Being breast-fed may lower breast cancer risk
By Joene Hendry
NEW YORK (Reuters Health) - Adult women who were breast-fed as infants may have a lower risk of developing breast cancer than those who were not breast-fed, unless they were first-born, study findings suggest.
"As a general group, women who reported they had been breast-fed in infancy had a 17 percent decrease in breast cancer risk," Hazel B. Nichols, who was involved in the study, told Reuters Health.
"However, we did not observe this reduction when we looked specifically among first-born women," said Nichols, of the University of Wisconsin, in Madison.
A woman's age at childbirth helps predict the levels of environmental contaminants in her breast milk, and studies have suggested a possible link between increased breast cancer risk and the accumulation of these contaminants, Nichols and colleagues note in the medical journal Epidemiology.
To analyze whether an adult woman's birth order, mother's age at the time of her birth, and whether or not she was breast-fed alters her risk for breast cancer, the investigators interviewed 2,016 women, aged 20 to 69 years, with breast cancer, and 1,960 women of similar age without breast cancer.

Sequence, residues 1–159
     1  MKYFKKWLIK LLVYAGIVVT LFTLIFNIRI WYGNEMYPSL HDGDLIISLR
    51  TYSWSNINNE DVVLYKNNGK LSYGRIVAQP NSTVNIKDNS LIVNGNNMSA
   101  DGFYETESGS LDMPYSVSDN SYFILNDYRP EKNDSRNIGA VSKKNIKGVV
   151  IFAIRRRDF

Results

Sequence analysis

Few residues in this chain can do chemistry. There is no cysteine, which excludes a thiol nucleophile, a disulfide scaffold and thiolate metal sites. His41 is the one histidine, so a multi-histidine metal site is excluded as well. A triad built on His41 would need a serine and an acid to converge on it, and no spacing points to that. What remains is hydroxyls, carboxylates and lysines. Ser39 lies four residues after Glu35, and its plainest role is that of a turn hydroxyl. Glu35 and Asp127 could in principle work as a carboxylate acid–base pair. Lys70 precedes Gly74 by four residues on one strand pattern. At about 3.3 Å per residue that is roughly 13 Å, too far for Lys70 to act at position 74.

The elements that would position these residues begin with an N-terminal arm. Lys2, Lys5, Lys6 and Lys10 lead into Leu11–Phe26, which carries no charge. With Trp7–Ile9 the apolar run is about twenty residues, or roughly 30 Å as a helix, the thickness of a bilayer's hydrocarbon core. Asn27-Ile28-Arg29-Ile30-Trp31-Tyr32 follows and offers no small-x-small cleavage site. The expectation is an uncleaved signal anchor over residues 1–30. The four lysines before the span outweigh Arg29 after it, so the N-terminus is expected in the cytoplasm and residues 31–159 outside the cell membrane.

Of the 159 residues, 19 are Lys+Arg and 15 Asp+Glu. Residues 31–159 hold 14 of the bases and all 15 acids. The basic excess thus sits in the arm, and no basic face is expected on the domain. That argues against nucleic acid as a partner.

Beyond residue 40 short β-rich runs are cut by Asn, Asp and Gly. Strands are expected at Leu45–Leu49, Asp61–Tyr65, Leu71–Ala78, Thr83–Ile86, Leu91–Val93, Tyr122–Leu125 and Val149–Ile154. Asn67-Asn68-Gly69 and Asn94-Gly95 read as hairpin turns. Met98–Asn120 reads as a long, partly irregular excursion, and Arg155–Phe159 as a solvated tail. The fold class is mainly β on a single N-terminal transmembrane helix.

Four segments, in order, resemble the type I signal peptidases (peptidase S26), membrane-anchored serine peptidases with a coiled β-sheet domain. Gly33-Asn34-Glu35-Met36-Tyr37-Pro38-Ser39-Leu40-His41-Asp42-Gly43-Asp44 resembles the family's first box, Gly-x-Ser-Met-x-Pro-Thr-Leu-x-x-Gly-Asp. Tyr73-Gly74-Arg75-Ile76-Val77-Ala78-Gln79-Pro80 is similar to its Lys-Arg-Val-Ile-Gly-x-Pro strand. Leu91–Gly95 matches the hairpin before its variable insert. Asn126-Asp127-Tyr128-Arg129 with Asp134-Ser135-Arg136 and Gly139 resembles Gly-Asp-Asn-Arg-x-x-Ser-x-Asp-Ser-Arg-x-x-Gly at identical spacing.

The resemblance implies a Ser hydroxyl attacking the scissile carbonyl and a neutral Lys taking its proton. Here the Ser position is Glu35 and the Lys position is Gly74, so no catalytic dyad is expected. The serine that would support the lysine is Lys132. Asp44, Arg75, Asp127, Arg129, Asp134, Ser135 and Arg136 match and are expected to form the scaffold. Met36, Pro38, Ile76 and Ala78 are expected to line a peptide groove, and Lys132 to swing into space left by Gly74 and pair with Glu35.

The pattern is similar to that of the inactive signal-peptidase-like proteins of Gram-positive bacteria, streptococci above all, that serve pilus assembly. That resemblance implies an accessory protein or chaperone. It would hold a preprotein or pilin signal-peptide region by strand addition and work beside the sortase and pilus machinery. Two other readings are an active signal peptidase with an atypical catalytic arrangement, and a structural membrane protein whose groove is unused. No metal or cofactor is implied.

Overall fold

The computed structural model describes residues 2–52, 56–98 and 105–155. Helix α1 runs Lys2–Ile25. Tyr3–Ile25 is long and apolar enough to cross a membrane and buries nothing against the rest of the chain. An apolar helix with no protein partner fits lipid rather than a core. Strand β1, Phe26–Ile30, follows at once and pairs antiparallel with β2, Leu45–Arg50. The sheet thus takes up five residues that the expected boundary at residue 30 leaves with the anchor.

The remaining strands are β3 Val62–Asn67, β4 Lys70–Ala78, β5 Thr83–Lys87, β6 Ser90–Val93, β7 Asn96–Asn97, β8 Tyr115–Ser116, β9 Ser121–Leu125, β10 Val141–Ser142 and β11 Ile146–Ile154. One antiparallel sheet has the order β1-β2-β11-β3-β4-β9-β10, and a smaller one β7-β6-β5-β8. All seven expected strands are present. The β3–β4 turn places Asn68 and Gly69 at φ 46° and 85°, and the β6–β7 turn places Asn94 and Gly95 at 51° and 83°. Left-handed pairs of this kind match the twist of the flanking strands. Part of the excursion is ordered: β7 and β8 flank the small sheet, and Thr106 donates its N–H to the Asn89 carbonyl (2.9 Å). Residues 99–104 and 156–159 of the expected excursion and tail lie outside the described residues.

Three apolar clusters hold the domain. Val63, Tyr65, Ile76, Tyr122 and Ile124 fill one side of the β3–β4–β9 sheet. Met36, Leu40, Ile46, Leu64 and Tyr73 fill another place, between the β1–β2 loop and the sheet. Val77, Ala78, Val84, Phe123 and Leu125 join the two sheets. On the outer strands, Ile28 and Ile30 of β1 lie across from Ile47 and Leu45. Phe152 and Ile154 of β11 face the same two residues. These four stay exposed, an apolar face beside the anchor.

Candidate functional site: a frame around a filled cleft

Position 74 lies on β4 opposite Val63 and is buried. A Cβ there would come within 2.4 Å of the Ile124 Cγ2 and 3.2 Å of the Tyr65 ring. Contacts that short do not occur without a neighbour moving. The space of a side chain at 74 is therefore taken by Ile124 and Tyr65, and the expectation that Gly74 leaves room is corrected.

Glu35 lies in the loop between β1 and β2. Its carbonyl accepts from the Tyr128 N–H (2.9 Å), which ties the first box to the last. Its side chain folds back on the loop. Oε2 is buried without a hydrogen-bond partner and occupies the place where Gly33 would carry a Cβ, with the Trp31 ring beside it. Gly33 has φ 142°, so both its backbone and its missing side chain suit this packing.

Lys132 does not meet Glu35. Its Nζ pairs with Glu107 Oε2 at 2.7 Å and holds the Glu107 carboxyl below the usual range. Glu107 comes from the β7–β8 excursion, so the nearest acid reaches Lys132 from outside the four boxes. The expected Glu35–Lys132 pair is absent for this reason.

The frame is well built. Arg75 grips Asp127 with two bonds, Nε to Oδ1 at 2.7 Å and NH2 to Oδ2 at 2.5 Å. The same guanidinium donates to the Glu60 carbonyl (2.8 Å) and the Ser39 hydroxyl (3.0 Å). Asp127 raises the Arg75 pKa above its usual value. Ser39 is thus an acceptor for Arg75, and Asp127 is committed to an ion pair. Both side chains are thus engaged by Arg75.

As noted, women breast-fed during infancy generally had reduced breast cancer risk.
However, in analyses restricted to breast-fed women, those with 3 or more older siblings had a lesser risk for breast cancer than first born women, the researchers found. But breast-fed women showed no altered breast cancer risk according to their mothers' age at childbirth.
Among women who were not breast-fed, reduced adult breast cancer risk was linked with their mothers' older age at childbirth, but the investigators identified no association between breast cancer risk and birth order in this group.
While the current results hint that breast cancer risk may differ according to whether or not women were breast-fed during infancy, additional studies are needed to determine if these associations vary with duration of breast-feeding or according to measured levels of environmental contaminants present in breast milk, Nichols said.
SOURCE: Epidemiology, May 2008